Baseball America Updates Their Top 10 Mets Prospects

Andres Gimenez/Photo by Ed Delany, MMO

Baseball America released their Top 10 Mets prospects in their annual mid-season update. There was one mild surprise at the end with the rest of the list being mostly as expected.

Here is how they ranked these players:

  1. Andres Gimenez, SS
  2. Peter Alonso, 1B
  3. Jarred Kelenic, OF
  4. David Peterson, LHP
  5. Justin Dunn, RHP
  6. Anthony Kay, LHP
  7. Ronny Mauricio, SS
  8. Thomas Szapucki, LHP
  9. Mark Vientos, 3B
  10. Gavin Cecchini, 2B

The 19-year-old Gimenez is currently hitting .277/.344/.426 in St. Lucie with 29 XBH, and 27-for-38 in SB attempts. Baseball America said, “Scouts lauded Gimenez for his high baseball IQ when he was an amateur in Venezuela, and those forecasts have proven accurate in pro ball.” I agree with that assessment because Gimenez is producing 20% above league average despite being younger than most players in that league and he has not been overmatched at the plate. He should be able to handle shortstop going forward and should be solid in his all-around game.

Alonso is the king of exit velocity as we saw over the weekend at the futures game. He should develop into an above average offensive first baseman. His defense on the other hand might be an issue. That said, his work ethic is off the charts and he has constantly tried to improve on it.

I wrote about Kelenic yesterday over on MMN. Kelenic has an impressive skillset and the Mets should be really fortunate that he lived in Wisconsin as opposed to California, Texas, or Florida. He should be able to move faster than the typical high school player and could be the Mets top prospect by this time next year.

The previous first rounder, David Peterson, clocks in at fourth. Peterson has struggled in his initial run at St. Lucie but there is hope he rebounds. He is currently sporting a 6.82 ERA in St. Lucie but has backed that up with a 4.33 FIP. His 64% ground ball rate also gives reason to still be optimistic.

Dunn and Kay rebounded from slow starts to their careers. Dunn’s fastball has been controlled a bit better this year and his velocity has ranged from 91-96 MPH. BA has it at 93-94 but either way, it is playable for a starter. His command has been much better this season and his slider has shown more life to it. His K-BB% is 18.3% this year as opposed to 6.2% last year. Kay’s velocity is back to 95-96 MPH but he is still working on getting his off-speed pitches back to where they were pre-surgery (thanks a lot UCONN). He is in St. Lucie and has been pretty good there. He could have a cameo in Binghamton and that is a realistic place for him to begin in 2019.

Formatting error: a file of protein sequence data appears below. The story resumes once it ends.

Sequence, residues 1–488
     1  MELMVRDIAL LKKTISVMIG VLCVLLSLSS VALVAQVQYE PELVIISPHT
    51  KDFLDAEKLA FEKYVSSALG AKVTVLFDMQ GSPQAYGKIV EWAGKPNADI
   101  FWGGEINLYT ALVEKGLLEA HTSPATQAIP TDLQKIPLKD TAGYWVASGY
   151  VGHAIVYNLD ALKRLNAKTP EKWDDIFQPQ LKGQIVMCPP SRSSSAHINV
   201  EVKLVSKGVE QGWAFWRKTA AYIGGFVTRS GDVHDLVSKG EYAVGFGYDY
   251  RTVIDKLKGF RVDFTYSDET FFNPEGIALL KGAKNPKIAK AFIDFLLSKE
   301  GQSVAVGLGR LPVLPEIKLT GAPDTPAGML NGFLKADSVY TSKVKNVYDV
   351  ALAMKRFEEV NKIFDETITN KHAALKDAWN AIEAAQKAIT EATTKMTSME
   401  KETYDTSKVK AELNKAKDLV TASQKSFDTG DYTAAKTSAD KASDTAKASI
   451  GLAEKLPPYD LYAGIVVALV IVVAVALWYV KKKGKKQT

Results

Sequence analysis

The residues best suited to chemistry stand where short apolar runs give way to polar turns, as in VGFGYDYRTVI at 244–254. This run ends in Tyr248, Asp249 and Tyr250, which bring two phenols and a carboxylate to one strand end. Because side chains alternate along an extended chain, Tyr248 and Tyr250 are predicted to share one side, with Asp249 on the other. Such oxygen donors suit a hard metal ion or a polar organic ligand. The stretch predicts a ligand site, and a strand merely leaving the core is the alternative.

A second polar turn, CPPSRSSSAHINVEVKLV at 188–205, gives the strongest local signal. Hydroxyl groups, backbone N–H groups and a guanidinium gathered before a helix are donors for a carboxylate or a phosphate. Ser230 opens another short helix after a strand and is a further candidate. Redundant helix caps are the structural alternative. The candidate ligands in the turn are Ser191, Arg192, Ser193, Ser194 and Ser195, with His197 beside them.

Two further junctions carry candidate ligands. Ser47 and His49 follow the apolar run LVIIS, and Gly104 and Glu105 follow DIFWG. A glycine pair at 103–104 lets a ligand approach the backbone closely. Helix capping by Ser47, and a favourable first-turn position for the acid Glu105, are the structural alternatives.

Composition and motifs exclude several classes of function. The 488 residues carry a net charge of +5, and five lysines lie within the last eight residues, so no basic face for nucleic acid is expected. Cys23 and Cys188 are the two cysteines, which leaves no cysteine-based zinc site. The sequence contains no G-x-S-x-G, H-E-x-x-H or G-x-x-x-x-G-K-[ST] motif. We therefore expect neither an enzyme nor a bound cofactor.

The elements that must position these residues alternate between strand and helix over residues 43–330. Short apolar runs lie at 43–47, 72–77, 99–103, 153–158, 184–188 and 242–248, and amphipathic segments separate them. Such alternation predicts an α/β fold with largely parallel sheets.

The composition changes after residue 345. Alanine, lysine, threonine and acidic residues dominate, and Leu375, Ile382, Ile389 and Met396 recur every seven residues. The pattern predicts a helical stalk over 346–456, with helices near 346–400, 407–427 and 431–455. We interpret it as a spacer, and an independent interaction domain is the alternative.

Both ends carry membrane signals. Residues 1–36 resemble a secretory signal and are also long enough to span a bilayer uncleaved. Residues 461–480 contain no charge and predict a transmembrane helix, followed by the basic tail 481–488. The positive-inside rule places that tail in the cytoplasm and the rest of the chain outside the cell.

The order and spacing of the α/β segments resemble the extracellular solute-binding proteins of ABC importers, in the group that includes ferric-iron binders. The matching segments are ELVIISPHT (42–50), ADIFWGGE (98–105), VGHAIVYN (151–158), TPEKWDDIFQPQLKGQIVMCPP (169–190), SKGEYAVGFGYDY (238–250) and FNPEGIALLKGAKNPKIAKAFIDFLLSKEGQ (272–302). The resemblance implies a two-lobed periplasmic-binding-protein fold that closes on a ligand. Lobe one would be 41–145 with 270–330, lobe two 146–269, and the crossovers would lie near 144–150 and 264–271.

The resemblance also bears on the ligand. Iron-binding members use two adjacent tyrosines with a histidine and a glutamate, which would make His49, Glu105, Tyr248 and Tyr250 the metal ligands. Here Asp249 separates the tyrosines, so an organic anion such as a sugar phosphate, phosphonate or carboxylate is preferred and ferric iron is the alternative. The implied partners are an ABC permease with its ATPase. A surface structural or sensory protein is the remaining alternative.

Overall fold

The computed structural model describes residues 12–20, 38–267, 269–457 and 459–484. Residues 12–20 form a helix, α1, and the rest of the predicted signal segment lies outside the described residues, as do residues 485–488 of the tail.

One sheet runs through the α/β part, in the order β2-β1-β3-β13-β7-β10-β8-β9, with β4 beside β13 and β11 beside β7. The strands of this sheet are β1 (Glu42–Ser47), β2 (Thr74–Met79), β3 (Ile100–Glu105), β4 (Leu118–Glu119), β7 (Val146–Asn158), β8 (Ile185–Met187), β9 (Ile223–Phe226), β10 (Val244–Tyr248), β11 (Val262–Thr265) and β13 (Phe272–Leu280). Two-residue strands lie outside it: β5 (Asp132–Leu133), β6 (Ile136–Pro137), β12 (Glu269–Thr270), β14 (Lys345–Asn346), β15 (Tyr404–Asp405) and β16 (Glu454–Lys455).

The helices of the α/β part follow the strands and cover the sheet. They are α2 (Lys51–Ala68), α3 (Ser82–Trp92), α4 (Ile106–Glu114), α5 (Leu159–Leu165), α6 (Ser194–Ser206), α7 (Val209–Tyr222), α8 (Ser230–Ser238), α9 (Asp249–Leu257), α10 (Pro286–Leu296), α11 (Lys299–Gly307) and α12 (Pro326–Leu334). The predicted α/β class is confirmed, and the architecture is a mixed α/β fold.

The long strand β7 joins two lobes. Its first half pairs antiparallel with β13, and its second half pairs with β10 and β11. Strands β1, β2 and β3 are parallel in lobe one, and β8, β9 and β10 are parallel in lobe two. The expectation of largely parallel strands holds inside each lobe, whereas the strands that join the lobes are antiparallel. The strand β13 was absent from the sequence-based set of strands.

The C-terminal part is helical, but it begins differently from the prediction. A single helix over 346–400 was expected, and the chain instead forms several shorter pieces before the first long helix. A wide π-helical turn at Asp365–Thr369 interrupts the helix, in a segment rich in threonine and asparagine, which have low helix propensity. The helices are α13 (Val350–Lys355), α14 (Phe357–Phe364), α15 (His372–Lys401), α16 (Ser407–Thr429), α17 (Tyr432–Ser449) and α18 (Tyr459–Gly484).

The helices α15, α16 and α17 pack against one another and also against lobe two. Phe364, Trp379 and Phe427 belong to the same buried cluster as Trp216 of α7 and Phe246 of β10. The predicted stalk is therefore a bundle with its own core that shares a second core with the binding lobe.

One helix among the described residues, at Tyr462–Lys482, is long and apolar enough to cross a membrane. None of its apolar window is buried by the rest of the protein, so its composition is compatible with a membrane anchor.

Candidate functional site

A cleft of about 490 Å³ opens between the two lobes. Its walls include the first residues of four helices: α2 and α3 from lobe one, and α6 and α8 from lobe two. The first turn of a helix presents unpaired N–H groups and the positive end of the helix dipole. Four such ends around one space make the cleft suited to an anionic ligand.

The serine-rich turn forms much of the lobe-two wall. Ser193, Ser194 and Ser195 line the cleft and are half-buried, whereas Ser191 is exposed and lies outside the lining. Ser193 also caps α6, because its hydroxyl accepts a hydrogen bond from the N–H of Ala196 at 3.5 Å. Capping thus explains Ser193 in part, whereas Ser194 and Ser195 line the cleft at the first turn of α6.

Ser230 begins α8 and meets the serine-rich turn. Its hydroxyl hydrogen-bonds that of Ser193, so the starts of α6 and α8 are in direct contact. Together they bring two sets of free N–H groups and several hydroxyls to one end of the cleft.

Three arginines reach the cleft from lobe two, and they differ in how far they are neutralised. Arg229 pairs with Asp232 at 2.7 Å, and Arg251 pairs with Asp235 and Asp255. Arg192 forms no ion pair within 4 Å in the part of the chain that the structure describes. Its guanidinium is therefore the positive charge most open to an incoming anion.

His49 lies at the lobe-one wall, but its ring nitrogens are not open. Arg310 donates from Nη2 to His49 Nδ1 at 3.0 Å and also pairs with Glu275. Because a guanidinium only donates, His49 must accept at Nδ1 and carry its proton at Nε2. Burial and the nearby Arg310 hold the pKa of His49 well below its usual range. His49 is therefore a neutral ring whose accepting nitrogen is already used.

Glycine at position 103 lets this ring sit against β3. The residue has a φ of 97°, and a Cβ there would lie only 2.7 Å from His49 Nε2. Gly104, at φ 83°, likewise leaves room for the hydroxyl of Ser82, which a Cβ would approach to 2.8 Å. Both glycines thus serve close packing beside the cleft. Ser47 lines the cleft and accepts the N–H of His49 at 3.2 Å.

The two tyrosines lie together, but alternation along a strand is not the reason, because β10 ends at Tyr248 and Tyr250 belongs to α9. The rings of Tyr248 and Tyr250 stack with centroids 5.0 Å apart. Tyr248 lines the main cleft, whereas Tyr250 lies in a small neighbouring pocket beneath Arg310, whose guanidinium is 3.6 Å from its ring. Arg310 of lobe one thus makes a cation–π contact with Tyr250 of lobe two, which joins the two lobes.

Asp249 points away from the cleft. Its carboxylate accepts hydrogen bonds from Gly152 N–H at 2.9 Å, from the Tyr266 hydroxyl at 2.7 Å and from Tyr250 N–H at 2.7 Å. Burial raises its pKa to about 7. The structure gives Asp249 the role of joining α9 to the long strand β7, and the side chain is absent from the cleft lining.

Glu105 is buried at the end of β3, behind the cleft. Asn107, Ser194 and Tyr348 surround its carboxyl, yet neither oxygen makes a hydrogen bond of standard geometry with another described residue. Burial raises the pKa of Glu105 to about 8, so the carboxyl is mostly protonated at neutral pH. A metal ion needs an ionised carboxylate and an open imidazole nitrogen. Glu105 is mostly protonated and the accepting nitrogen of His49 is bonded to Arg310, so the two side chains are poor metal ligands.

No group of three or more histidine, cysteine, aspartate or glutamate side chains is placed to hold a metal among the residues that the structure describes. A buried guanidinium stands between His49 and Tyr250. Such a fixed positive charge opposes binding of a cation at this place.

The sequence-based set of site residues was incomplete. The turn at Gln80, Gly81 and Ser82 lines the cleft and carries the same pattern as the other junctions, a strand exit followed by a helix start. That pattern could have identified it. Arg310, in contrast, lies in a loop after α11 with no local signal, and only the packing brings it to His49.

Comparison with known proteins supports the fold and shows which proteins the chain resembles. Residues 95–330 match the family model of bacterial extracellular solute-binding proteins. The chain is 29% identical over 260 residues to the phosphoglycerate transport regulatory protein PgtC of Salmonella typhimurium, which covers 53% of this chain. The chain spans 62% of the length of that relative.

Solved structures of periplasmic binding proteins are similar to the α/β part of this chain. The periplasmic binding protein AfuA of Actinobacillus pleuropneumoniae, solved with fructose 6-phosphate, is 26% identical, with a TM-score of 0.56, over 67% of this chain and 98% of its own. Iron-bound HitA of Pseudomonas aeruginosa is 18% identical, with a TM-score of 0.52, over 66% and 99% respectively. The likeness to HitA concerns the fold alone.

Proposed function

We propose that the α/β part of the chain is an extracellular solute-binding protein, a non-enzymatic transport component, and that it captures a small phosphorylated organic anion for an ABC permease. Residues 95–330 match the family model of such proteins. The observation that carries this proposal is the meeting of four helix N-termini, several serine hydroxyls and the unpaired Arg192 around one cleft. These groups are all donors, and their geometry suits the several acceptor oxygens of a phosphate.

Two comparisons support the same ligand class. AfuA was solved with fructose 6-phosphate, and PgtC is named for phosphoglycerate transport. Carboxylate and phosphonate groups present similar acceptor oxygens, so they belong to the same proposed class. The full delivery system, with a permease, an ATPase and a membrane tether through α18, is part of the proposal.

Mauricio is a guy to dream on. He is tearing up the GCL and is just 17 years old. Considering how raw international prospects tend to be, this is an amazing accomplishment. He probably does not belong in the GCL but there is a bit of a logjam in Kingsport currently. There is a lot of promise to this young man and despite being a tall shortstop (6’4″), his footwork and arm should allow him to stick at SS.

Szapucki had electric stuff but will only return in 2019. If healthy, he should move quickly through the organization. The delivery is funky but the fastball can touch 97-98 and his curve is very much legitimate. Vientos is remarkably young (he’s younger than Jarred Kelenic) but he flashes solid raw power. BA said, “needs to clean up his plate approach and defensive fundamentals at his new position, but he’s well on his way.”

The surprise was Cecchini at No. 10. BA said, “Cecchini lacks a carrying tool outside of his bat-to-ball skills, but he’s a well-rounded, big league-ready player who can do a little of everything, including play all infield positions.” He can play a decent second base but saying he can play the whole infield is like saying Jose Reyes can be an adequate shortstop. It’s too bad Ceechini is hurt otherwise he might have been called up by now.

BA also mentioned Shervyen Newton, Jeff McNeil, Eric Hanhold and Ali Sanchez as players rising up the Mets prospects ranks.

 

About Dilip Sridhar 439 Articles
I became a Mets fan in the 2008 season. Since the Alderson regime, I've embraced saber-metrics and advanced stats to back up my eye tests.